Monthly Archives: July 2018

New modern slavery legislation introduced into Federal Parliament

On 28 June 2018, the Modern Slavery Bill 2018 (Cth) (Bill) was introduced into Federal Parliament. The introduction of the Bill follows a parliamentary inquiry which took place last year.

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Chambers HNW 2018 Recognizes Connolly Gallagher Trusts and Estates Group in Delaware Private Wealth Law

Chambers HNW 2018 Recognizes Connolly Gallagher Trusts and Estates Group in Delaware Private Wealth Law

In its 2018 guide, Chambers High Net Worth ranked Connolly Gallagher LLP for Private Wealth Law in Delaware. Sources report the Trusts & Estates team are “hugely knowledgeable about the law as well as the various procedures and the court system in Delaware.” Another source praises the team saying, “They are very oriented toward client service, their responsiveness is second to none and their level of commitment is unmatched.”

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Law Firm Leaders: Time to Address Data Poverty

 

 

 

 

 

 

 

This is just a guess, but I suspect that most of us didn’t get into the legal industry because we love data, right?

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ILN Today Post

Shutts & Bowen Welcomes Edwin J. Stacker as Partner in the Real Estate Practice Group

Shutts & Bowen LLP has added Edwin J. Stacker as a partner in the Real Estate practice group in its Fort Lauderdale office.

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New York Court Limits Scope of Damage Awards in Trade Secret Actions

In E.J. Brooks Company v. Cambridge Security Seals, the Court of Appeals of New York narrowed the scope of permissible damage claims plaintiffs can assert in trade secret actions under New York law. The ruling denies plaintiffs the ability to recover costs that defendants avoided through misappropriating trade secrets (known as “avoided costs” theory), making New York law less attractive to certain types of trade secret actions due to the state’s conservative approach in calculating damages.

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NYC Employers: Required Payroll Contributions to IRAs May Be Coming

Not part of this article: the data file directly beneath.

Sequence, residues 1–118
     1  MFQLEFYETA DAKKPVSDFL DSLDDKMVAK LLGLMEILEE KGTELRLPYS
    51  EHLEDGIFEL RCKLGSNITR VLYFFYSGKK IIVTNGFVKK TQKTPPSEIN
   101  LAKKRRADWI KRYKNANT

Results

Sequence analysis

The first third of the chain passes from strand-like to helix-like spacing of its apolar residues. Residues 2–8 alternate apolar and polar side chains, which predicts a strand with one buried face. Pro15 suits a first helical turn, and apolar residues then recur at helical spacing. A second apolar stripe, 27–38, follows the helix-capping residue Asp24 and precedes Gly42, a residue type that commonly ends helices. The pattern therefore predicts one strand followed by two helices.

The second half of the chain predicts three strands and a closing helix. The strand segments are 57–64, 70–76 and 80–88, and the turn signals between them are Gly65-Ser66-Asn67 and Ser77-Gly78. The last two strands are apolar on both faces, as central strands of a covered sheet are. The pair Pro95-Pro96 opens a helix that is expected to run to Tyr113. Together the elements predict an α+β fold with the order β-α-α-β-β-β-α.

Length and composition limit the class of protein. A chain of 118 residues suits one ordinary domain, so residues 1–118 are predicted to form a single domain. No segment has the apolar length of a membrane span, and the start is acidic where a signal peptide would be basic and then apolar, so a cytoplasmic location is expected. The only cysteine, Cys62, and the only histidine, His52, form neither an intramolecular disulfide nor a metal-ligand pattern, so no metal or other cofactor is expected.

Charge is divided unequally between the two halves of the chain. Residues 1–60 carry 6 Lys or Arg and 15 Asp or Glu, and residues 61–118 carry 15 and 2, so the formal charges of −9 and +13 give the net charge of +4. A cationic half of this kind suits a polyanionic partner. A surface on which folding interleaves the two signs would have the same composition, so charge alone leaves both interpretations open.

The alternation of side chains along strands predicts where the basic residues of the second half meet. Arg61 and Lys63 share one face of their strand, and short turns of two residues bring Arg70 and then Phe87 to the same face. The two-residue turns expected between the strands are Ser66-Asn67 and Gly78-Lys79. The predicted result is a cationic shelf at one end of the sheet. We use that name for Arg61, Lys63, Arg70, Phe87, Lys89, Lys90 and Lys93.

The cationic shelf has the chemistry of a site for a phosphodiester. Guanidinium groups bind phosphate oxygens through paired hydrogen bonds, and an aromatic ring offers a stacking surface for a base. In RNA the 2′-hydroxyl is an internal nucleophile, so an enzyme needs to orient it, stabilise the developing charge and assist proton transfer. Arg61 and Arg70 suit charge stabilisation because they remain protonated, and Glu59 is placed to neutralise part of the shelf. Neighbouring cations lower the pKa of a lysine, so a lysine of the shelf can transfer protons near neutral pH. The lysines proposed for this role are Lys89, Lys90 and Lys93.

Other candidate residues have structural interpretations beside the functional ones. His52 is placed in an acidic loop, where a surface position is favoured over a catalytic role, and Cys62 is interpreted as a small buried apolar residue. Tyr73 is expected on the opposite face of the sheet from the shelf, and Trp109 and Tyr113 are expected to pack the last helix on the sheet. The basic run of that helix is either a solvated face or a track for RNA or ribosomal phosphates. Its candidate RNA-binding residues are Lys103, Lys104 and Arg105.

The New York City Council (the “NYCC”) has proposed to establish a “Savings Access New York Retirement Program” (the “NYC Retirement Program”) that would require New York City private-sector employers with at least 10 employees to offer a new savings program to employees who are not eligible to participate in an employer-provided savings plan (such as a 401(k) or 403(b) plan). Currently the NYCC proposal is in committee, and no further action has been taken to date.

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Massachusetts “Grand Bargain” Makes Changes to Blue Laws for Retailers

A legislative bargain requires give-and-take from all stakeholders. On June 28, 2018, Massachusetts Governor Baker signed House Bill 4640, “An Act Relative to Minimum Wage, Paid Family Medical Leave, and the Sales Tax Holiday” (the “Act”). This “grand bargain” gradually raises the minimum wage, provides for paid family and medical leave, makes permanent the Commonwealth’s annual tax holiday, and phases out Sunday and holiday premium pay requirements. While Massachusetts employers must now adjust to an increased minimum wage and new paid family medical leave program, retailers with eight or more employees may see those costs mitigated by the gradual elimination of Sunday and holiday premium pay mandates.

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Alert: Model FMLA Forms Set to Expire

The U.S. Department of Labor’s (“DOL”) model Family and Medical Leave Act (“FMLA”) notices and medical certification forms expire on July 31, 2018. However, the new model forms have not yet been released. The current FMLA forms were originally due to expire on May 31, 2018, but the expiration date was first extended to June 30, 2018 and then to July 31, 2018.

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New California Law Aims To Protect Employers and Harassment Victims from Defamation Lawsuits

On July 9, 2018, Governor Edmund Brown, Jr. signed into law Assembly Bill 2770 (“AB 2770”) to protect victims of sexual harassment and employers from defamation claims brought by alleged harassers. AB 2770 was sponsored by the California Chamber of Commerce and passed by the California Legislature to address the chilling effect that the threat of defamation suits can have on harassment victims and employers: deterring victims and witnesses from coming forward; deterring employers from telling prospective employers about a genuine harasser; and allowing repeat sexual harassers to harass future victims at their new place of employment.

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The Ninth Circuit Concludes That the Terms of Taco Bell’s On-Premises Meal Periods Comply with California Meal Period Laws

On July 18, 2018, the Ninth Circuit issued a published opinion in Rodriguez v. Taco Bell Corp., approving Taco Bell’s on-premises meal periods for employees who choose to purchase discounted food.

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